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Landlocked salmon

Introduction

In contrast to Atlantic salmon that migrate at sea, the landlocked salmon is a freshwater form that remains in lakes. The French name, ounaniche, means “little lost one” or “he who is everywhere” in Montagnais.

Highly prized by sports anglers for their spectacular jumps, landlocked salmon are found throughout the regions occupied by sea-run salmon in Canada.

- Taxonomy -

Family
Salmonidae
Genus
Salmo
Species
Salmo salar ouananiche McCarthy, 1894
Common name
Landlocked salmon

- Physiology -

The body of the landlocked salmon is elongated with slightly compressed flanks, like the Atlantic salmon, but somewhat smaller, averaging 0.9 to 1.8 kilograms.​​ ​

Landlocked salmon have brown, green or blue backs with many small black spots. The sides are silvery and the dorsal fin also has large black spots. During the spawning season, the colouring becomes more bronze and the males develop red spots on the body. After spawning, the skin turns darker, almost black.

- Life cycle -

The life cycle of landlocked salmon can be divided into three phases: 

  • Reproduction

    • Returning to the river

      In early summer, landlocked salmon return to the river where they were hatched.

    • Selecting the spawning grounds

      Landlocked salmon leave the pools of the river to move to the spawning grounds upstream, seeking areas with shallow water, a swift current and a gravelly bed. 

    • Forming pairs

      Males are distinguished from females by their “kype,” a pronounced upward hook of the extended lower jaw. While the females are locating favourable spawning spots, the males will attempt to establish a territory around each female. Only the most aggressive males manage to defend their territory against the tireless attempts of other males to approach the females despite continuously being chased away by the dominant males. Violent confrontations between males are sometimes observed.

    • Preparing the redd

      At the spot she chooses, the female digs several “redds” in the gravel, each about 10 to 20 centimetres deep. With a quick, strong fanning movement of her tail, she tosses the gravel up. The current washes the gravel disturbed by the females, so groups of redds in spawning grounds can be easily recognized by the pale yellow colour of this washed gravel.

    • Spawning

      During spawning, the male and female are positioned side by side. The male’s whole body shakes or quivers as he stretches and gapes. Thus stimulated, the female does the same. When the quivering subsides, the female deposits her eggs and the male fertilizes them by releasing his milt. 

    • Protecting the eggs

      Each female lays between 1,500 and 1,800 eggs (5 to 7 mm in diameter) per kilogram of body weight. She covers them with gravel to prevent other species from devouring them. 

    • Returning to the lake

      After spawning, landlocked salmon return to the lake or spend the winter in a pool of the river, only moving downstream to the lake in the spring.

  • Growth in the stream

    • Egg development

      Buried under the gravel and oxygenated by the water constantly flowing through the gravel bed, the eggs deposited in the fall will develop all winter. However, in addition to predators, many dangers await the eggs: fungi; fine sediments filling the interstices between the gravel; freezing of the eggs; and scraping of the riverbed by ice.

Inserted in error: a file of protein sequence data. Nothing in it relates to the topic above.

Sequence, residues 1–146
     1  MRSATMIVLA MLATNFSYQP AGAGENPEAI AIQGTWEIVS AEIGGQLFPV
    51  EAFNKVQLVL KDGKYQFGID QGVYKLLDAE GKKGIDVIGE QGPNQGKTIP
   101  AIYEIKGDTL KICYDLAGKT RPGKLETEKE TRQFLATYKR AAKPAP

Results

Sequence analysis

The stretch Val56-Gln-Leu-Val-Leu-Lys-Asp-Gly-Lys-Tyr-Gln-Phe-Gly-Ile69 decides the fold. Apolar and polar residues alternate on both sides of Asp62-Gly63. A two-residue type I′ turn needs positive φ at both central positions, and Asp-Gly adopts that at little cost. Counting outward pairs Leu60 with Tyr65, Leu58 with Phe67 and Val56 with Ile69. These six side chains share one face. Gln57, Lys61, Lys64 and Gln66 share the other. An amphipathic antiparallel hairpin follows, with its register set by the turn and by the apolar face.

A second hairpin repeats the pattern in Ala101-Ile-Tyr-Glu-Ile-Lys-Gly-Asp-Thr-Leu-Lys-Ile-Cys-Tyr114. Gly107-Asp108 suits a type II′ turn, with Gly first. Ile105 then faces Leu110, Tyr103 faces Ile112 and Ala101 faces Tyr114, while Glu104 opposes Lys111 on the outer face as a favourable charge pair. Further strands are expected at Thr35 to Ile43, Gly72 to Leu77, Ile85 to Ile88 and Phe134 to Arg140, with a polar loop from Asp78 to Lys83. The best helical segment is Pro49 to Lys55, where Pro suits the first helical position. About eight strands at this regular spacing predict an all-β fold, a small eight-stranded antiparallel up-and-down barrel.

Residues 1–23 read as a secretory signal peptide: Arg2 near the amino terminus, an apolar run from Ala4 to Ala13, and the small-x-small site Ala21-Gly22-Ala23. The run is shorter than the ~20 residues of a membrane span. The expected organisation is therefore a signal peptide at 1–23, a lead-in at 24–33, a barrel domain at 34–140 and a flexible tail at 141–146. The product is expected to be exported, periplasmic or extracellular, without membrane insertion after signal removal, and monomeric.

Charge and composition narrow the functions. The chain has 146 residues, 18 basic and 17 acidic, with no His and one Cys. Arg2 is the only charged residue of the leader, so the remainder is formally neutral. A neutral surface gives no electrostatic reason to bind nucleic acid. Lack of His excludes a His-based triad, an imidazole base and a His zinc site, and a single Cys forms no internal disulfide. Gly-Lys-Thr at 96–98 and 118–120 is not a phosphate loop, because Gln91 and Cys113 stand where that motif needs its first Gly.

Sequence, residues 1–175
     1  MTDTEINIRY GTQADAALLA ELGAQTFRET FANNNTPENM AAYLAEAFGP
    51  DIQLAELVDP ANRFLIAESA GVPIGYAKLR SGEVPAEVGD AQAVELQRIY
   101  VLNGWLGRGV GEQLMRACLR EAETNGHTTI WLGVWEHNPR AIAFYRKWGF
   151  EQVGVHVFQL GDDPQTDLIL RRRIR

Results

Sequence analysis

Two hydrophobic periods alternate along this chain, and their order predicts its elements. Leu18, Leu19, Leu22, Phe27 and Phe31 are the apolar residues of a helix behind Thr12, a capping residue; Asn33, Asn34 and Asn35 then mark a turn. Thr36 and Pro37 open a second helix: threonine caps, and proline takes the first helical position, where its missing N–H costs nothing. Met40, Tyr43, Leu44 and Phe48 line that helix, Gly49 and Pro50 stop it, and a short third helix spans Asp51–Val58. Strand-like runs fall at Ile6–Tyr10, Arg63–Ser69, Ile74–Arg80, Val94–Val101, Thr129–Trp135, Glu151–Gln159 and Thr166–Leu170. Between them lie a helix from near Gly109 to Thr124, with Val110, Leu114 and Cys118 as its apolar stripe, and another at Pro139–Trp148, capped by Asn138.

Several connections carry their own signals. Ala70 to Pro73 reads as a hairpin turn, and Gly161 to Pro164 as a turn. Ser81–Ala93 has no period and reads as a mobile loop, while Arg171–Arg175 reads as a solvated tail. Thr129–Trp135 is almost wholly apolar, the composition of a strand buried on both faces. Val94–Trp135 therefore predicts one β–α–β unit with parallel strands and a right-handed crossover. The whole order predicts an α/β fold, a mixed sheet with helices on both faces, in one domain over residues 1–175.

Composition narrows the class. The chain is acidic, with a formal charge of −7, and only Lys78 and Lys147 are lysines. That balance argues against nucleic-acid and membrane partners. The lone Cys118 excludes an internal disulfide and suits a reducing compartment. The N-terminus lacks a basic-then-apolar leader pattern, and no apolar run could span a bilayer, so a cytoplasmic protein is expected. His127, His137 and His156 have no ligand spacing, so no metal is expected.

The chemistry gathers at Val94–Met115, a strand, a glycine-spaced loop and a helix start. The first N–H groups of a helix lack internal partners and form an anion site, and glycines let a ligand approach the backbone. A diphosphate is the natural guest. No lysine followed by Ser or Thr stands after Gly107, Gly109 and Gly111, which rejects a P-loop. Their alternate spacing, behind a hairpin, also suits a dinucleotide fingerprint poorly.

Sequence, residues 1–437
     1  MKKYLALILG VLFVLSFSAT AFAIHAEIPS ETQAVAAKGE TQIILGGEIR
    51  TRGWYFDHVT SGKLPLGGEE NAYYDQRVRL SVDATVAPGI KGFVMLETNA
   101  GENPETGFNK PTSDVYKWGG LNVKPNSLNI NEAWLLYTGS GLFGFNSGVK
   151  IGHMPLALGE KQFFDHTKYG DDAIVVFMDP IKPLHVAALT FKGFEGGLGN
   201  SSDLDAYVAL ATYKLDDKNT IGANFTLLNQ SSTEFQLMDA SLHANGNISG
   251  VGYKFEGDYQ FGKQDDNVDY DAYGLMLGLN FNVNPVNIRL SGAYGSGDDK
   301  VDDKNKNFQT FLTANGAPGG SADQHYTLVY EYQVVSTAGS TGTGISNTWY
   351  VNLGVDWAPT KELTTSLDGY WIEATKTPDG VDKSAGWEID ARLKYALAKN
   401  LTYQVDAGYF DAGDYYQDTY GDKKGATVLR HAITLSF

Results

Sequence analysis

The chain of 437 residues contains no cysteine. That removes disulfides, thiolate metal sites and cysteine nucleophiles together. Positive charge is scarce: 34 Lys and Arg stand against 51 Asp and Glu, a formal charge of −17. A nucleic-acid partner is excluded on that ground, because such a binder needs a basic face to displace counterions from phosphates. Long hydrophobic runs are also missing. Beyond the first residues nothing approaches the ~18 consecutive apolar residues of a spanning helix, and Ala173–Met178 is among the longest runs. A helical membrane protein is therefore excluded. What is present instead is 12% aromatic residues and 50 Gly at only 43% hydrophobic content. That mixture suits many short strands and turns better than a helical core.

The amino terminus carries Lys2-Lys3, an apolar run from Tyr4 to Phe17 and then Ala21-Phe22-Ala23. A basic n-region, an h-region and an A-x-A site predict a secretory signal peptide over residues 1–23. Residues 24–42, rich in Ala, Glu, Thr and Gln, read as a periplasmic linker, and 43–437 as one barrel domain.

• Hatching

      The eggs hatch in May, releasing the tiny alevins. The alevins burrow a little deeper into the gravel, which keeps them safe from being carried away by ice scraping the bottom of the riverbed during the spring break-up. They stay buried for about five to six weeks while being nourished by their attached yolk sac. In June, the fry emerge from the gravel and begin to feed on small insect larvae. They frequent shallow areas of the river where the current is weak. At this stage, many fry become victims of predation.

    • The first year of growth

      At the end of their first summer, the fry are about 5 centimetres long and are now called “parr.” Needing more food, they spend more time in rapids and whitewater habitats where insect larvae are carried by the strong currents. Parr are well adapted to this environment, with well-developed fins that allow them to stay at the bottom of the river, waiting for prey. They become progressively territorial as the season advances. Those that do not fall victim to predation will spend the winter buried under large pebbles and stones.

    • The subsequent years of growth

      The parr will remain in the river for two to seven years. After reaching 12 to 18 centimetres in length, they prepare to move downstream to the lake. At this stage, they are called smolts. They also memorize the scent of their river at this stage, and develop the silvery colouring that is almost identical to that of adults.

  • Growth in the lake

    • Migration in the lake

      After the downstream migration, the smolts remain in the lake feeding on the abundant resources in these waters that allow them to grow rapidly. 

    • Return to natal rivers

      After one to three years in the lake, instinct drives the salmon to return to the river where they hatched in order to spawn. Guided by currents and other mechanisms that remain obscure (stars, magnetic fields), they approach their natal river where the scent finally guides them home.